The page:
On Sun, May 01, 2011 at 06:52:46PM +1000, Dave Chinner wrote:
> > > more than likely your problem is that barriers have been enabled for
> > > MD/DM devices on the new kernel, and they aren't on the old kernel.
> > > XFS uses barriers by default, ext3 does not. Hence XFS performance
> > > will change while ext3 will not. Check dmesg output when mounting
> > > the filesystems on the different kernels.
> > But didn't 2.6.38 replace barriers by explicit flushes the filesystem has
> > to
> > wait for - mitigating most of the performance problems with barriers?
> IIRC, it depends on whether the hardware supports FUA or not. If it
> doesn't then device cache flushes are used to emulate FUA and so
> performance can still suck. Christoph will no doubt correct me if I
> got that wrong ;)
Mitigating most of the barrier performance issues is a bit of a strong
word. Yes, it remove useless ordering requirements, but fundamentally
you still have to flush the disk cache to the physical medium, which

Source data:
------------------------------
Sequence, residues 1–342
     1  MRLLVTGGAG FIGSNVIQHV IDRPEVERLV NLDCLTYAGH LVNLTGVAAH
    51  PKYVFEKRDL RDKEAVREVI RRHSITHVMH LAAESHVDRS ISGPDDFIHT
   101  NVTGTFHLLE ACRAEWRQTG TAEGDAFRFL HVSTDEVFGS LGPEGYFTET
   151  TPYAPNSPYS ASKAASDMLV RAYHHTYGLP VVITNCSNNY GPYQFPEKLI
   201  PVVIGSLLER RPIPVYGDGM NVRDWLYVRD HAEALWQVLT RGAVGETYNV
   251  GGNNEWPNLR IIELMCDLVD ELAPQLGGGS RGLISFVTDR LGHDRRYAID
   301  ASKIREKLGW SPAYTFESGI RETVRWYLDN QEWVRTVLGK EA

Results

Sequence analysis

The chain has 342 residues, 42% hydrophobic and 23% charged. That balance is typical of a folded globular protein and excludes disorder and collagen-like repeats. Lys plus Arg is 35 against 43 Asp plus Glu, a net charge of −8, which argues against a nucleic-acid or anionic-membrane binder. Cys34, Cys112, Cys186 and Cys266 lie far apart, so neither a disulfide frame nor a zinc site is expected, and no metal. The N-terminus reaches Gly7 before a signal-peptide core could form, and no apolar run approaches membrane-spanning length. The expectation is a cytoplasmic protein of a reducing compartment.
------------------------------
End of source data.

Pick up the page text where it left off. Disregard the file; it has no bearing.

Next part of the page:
is always going to be slower than just filling up a DRAM cache like
ext3's default behaviour in mainline does (interestingly both SLES
and RHEL have patched it to provide safe behaviour by default).
Both the old barrier and new flush code will use the FUA bit if
available, and those optimize the post-flush for a log write out.
Note that currently libata by default always disables FUA support,
even if the disk supports it, so you'll need a SAS/FC/iSCSI/etc
device to actually see FUA requests, which is quite sad as it
should provide a nice speedup epecially for SATA where the cache
flush command is not queueable and thus requires us to still
drain any outstanding I/O at least for a short duration.